The first change that Chris made was to cut two Vesuvas from his deck to make space for additional copies of Cavern of Souls and Tundra. This allows him to play four copies of Terminus, which is a card that is critical to beating up on fast creature decks, which can give this deck trouble, since Glimmerpost has a hard time keeping up with swarms. This is an important keep of technology that gives you a way to interact cheaply with Delver of Secrets to try to force through your enormous monsters.

On the topic of enormous monsters, Chris added additional copies of Candelabra of Tawnos which help cast some of your monsters ahead of curve. The monsters in question are a little different here than we're used to seeing. Generally, this deck focuses on giant creatures of the Eldrazi variety. Chris has elected to go with something a little less traditional, but enormously high impact against strategies that rely on the combat step: Platinum Emperion. This is a card that can be cast relatively easily by turn four, turn three if a Candelabra was involved.

All told, this is an exciting innovation that adds another dimension of interaction to the deck, which is something that it desperately needed as the format has shifted back towards Wastelands and other resource denial strategies.


Legacy isn't the only format that saw some exciting innovations though; Vintage saw all kinds of crazy things, from Dragonlord Dromoka in the Brian Kelly's winning Oath of Druids deck to Hangarback Walker in most of the successful Mishra's Workshop decks. Those weren't the only exciting innovations though. Long-time Vintage expert Steve Menendian quietly put up a Top 25 performance with a deck he said was incredible, missing Top 8 largely due to a pair of draws he picked up early. Let's look at his interesting Pyromancer Storm deck:

This deck is really cool for a number of reasons. First, Fastbond plus Gush is just one of the most fun things you can do in Magic. More importantly, Steve has combined two disparate strategies into something which occupies an interesting space in the metagame. There have always been Blue-Red-based Young Pyromancer Gush decks, sometimes overlapping with Blue-White [card]Monastery Mentor builds. There have also been Sultai Tendrils of Agony decks which leaned on Fastbond plus Gush over Dark Ritual to set up a lethal Yawgmoth's Will.

These two strategies had matchups that varied widely, with the combo deck being weaker against other, controlling Blue decks, while the Young Pyromancer deck is weaker against the bigger creatures and mana denial plan of Workshops. By going the full four colors and combining these strategies, Steve has ensured that he has access to the tools to put up a real fight in most of the big matchups in Vintage. You can sit back and value your opponents to death with Young Pyromancer plus countermagic, or you can just GushBond into Tendrils of Agony.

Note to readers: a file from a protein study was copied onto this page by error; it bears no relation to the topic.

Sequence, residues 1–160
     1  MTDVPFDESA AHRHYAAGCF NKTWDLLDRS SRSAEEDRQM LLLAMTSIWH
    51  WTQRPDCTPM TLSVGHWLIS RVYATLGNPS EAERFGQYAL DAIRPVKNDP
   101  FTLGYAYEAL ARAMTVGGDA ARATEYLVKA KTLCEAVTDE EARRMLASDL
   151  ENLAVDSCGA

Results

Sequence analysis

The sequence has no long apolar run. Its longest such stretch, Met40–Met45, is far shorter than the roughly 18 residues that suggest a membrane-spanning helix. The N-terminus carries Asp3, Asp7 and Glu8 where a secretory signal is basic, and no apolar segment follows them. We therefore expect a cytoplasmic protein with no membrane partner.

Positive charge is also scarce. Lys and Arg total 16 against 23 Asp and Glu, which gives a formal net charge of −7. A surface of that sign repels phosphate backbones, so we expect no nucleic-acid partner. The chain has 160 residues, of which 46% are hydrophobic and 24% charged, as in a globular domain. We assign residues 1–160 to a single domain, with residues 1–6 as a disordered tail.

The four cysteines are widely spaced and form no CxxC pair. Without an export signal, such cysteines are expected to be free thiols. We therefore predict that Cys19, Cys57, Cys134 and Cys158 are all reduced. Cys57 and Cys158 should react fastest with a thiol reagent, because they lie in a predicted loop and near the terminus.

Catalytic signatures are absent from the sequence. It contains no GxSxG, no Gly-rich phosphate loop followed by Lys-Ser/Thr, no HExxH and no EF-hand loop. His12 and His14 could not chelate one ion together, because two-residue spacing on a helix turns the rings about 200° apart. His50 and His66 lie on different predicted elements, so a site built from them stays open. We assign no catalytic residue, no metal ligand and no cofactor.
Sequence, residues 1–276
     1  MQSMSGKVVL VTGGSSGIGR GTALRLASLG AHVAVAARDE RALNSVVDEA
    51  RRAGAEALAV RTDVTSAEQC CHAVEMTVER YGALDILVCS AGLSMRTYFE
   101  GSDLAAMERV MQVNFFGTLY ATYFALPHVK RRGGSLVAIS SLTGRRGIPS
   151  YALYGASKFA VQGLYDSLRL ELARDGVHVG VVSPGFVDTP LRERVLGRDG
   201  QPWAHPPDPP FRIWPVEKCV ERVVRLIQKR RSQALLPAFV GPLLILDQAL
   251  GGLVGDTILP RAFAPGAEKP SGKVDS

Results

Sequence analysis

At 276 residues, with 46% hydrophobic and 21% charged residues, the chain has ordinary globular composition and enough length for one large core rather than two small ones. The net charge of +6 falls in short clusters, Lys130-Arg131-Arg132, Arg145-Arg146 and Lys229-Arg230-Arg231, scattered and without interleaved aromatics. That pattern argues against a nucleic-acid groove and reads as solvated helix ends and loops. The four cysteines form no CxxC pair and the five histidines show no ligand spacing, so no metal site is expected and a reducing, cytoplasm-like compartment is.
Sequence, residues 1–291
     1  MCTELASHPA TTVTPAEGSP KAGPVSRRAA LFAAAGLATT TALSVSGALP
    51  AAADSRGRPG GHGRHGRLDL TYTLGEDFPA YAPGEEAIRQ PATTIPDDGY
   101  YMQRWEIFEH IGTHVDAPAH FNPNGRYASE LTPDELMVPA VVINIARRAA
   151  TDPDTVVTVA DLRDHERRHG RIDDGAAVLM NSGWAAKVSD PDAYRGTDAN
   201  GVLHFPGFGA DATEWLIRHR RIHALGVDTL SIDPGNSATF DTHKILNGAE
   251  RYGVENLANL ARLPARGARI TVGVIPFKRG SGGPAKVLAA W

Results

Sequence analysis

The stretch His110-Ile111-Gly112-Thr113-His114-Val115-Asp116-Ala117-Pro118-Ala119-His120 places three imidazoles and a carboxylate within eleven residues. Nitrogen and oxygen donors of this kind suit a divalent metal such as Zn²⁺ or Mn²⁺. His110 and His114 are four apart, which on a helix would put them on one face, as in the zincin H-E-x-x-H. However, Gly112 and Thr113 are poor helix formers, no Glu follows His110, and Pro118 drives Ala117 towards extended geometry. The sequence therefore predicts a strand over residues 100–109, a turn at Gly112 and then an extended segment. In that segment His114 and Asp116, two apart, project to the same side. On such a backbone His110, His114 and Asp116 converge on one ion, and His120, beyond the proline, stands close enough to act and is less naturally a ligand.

One of the most interesting innovations in this build is the inclusion of multiple copies of Regrowth over something like Snapcaster Mage. This card does a few interesting things in this deck that aren't available in either of the pure Pyromancer or Gush variants. Firstly, it gives you additional copies of Fastbond, which is a card that is difficult to resolve due to the ubiquity of Mental Misstep. Additionally, since you're playing a giant pile of tutors to enable the Tendrils of Agony kill, you can get additional copies of powerful, gamebreaking effects, like Ancestral Recall, Time Walk, Hurkyl's Recall, or even Gush. The flexibility of this card makes it fantastic when you're playing a fair game, and once you're going off with Gush, the extra mana isn't especially important.

All told, this is an interesting deck that is able to shift roles with relative fluidity in most of its matchups, which is a powerful place to be in Vintage. Particularly exciting is the plethora of sideboard options when you have not only four colors, but two unique strategies which you can utilize to improve your position after boarding. It will be interesting to see if this style of deck catches on, and what the evolution of fair and unfair components looks like.